Beijing has urged local authorities to step up measures to ensure job stability during lockdowns. And yet, with so many small and medium-size businesses suffering financially, the government has struggled to get a handle on rising unemployment.
As of June, unemployment stood at 5.5 percent — an improvement from April and May, but close to the highest level since China started reporting the figures in 2018. For job seekers ages 16 to 24, who include new college graduates, the unemployment rate was more than three times as high at 19.3 percent.
James Fu resigned from his job last month as a landscape designer for a property developer — a grueling job that he grew to hate. But now he’s dealing with the anxiety of finding a job in a tough labor market, especially in real estate.
Mr. Fu, 28, said fewer jobs were available at property companies because firms were either struggling financially or using the downturn to justify cutting staff and costs. And because the pool of jobs has shrunk, he said, the requirements to secure one have gone up.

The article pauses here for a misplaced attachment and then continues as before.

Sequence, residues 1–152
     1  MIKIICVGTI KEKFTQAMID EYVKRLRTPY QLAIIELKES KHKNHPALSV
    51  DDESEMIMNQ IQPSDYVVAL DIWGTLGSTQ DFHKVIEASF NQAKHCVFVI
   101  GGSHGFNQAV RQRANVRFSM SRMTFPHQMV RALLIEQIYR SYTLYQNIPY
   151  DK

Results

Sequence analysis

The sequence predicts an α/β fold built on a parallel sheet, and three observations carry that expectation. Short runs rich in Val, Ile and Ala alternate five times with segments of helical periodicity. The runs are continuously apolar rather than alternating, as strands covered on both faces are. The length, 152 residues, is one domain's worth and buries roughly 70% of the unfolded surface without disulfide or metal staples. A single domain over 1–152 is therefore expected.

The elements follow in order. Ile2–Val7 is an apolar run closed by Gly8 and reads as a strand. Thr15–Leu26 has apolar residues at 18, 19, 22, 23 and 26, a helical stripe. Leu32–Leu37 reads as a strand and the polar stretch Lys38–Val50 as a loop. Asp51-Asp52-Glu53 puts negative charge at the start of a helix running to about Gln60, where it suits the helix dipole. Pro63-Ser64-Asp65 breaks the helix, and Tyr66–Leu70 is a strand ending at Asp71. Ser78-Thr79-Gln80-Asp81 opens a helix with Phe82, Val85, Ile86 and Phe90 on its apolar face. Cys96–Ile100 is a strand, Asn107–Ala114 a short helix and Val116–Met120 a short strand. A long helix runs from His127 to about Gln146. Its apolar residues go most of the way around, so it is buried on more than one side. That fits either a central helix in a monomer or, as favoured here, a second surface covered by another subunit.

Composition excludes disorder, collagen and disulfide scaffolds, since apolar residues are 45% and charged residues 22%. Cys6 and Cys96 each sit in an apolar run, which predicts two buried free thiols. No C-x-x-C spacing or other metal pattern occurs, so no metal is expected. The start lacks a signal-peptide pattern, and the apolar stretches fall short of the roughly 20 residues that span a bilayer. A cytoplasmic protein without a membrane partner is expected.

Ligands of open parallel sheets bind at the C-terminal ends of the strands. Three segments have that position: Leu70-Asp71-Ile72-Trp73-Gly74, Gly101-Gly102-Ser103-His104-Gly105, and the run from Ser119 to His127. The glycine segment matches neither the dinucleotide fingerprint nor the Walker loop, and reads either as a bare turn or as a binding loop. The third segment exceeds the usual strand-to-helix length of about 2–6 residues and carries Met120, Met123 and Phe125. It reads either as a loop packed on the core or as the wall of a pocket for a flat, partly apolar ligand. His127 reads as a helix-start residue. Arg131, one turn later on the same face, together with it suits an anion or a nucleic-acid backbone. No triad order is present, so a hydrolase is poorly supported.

“I’ve been at a standstill recently,” said Mr. Fu, who lives in Chengdu, Sichuan Province. “This year may be particularly difficult. I think it has been more difficult since the pandemic began.”
Along with the high unemployment, there are other signs of bubbling economic discontentment. On Sunday, there was a rare demonstration in the city of Zhengzhou in central China by depositors demanding their money back from four rural banks after their funds were frozen. The protests turned violent when authorities sent in guards to break up the demonstration.
Weakness in the property market has also led to public displays of defiance. A growing number of property owners who bought homes before they were built have declared to banks and regulators that they won’t pay their mortgages, upset by delays in construction as well as declines in home prices, according to Chinese media.
When China took measures in 2020 to limit property speculation, it pushed many property developers into a debt spiral, depressing the prices of new homes for the first time in years and rattling the confidence of consumers, many of whom had plowed household savings into real estate.
In response to concerns about mortgage repayments, China’s banking and insurance regulator said it would work across the central government and with local authorities to make sure buildings were finished and jobs were saved and to “ensure stability” in the real estate industry, according to state-run television.
Claire Fu contributed research.